Including rinsing steps, the total treatment time was less than 4 minutes per eye.

The pig corneas were investigated using uniaxial testing (Figure 1c) – where strips of the cornea were placed under tension with a Rheometric Systems analyzer (TA Instruments, New Castle, DE, USA), as a marker of corneal strength and elasticity, and the stress results were compared using a paired t-test.

Figure 1. Study tissue (a) design (b) and biomechanical testing (c). Results: mean stress vs. strain (d), and secant modulus (e). Human cornea: effect of IOP on elastic modulus (f).

The human eyes were secured in a custom mount, then dynamic Scheimpflug deformation analyses was performed using a Corvis ST (Oculus, Wetzlar, Germany) at intraocular pressures (IOPs) of 15, 20, 30, 40 and 50 mmHg (Figure 1c). Analysis of variance (ANOVA) was performed on the deformation parameters based on the treatment and pressure effects, to determine whether there was a difference between the treated and control eye. The elastic modulus for each IOP level was calculated, using the equations of applanation (3), and parameters derived from the dynamic Scheimpflug images.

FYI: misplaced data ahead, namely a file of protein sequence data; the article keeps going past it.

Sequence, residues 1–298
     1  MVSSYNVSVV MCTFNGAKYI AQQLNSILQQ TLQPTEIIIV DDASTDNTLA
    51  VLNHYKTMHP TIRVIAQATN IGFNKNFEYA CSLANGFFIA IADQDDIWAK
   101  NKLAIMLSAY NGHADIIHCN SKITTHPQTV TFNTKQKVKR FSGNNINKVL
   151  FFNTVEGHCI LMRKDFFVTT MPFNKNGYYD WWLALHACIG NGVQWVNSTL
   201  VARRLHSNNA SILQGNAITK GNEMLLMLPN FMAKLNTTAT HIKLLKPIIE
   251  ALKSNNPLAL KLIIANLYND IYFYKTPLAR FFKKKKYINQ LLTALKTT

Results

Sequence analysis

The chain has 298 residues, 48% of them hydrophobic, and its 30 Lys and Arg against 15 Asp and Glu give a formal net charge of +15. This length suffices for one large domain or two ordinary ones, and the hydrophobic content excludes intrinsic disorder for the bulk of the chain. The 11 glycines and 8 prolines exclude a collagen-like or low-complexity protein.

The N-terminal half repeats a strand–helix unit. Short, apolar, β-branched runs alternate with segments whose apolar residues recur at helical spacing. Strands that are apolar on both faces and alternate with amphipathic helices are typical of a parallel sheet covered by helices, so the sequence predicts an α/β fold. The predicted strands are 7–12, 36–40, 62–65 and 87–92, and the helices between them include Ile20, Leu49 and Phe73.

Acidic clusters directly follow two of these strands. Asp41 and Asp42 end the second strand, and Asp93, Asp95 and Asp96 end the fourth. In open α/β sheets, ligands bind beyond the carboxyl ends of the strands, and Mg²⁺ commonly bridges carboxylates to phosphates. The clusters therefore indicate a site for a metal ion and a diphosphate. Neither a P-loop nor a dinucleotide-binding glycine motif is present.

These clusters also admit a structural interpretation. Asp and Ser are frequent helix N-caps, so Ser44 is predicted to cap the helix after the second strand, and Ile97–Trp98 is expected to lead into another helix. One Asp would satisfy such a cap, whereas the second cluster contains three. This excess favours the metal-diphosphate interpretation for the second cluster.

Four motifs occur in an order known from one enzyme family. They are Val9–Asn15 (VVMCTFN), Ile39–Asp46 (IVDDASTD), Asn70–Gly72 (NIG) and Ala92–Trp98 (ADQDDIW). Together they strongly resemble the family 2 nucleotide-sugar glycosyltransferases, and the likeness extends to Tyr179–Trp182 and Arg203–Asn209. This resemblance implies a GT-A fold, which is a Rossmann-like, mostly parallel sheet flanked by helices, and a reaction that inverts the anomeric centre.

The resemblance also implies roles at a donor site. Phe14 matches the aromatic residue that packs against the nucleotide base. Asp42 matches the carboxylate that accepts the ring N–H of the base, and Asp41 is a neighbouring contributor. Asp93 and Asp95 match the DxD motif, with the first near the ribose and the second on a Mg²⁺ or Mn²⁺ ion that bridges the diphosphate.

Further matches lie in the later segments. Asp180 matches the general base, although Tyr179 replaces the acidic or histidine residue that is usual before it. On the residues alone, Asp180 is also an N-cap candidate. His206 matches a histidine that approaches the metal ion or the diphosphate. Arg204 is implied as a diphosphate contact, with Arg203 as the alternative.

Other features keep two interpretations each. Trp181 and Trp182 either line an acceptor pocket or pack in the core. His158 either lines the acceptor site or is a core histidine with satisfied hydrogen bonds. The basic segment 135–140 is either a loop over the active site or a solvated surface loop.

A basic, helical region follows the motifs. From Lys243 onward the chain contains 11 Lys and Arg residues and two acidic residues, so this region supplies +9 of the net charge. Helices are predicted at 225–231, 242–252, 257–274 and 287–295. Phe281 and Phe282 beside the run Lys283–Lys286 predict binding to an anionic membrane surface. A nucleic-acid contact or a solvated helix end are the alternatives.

Treated pig eyes were significantly stiffer than the untreated eyes, specifically at 5 and 6 percent strain (Figure 1d). In reviewing the secant modulus at 6 percent strain, the investigators observed a 73.2 percent increase in the stress value (Figure 1e) – which is very similar to that recorded by Wollensack, Spoerl and Seiler (4) when they performed stress-strain measurements of UV-A/riboflavin on pig corneas (71.9 percent). The difference at 4 percent strain approached significance, but is likely a reflection of the low number of animals used – four.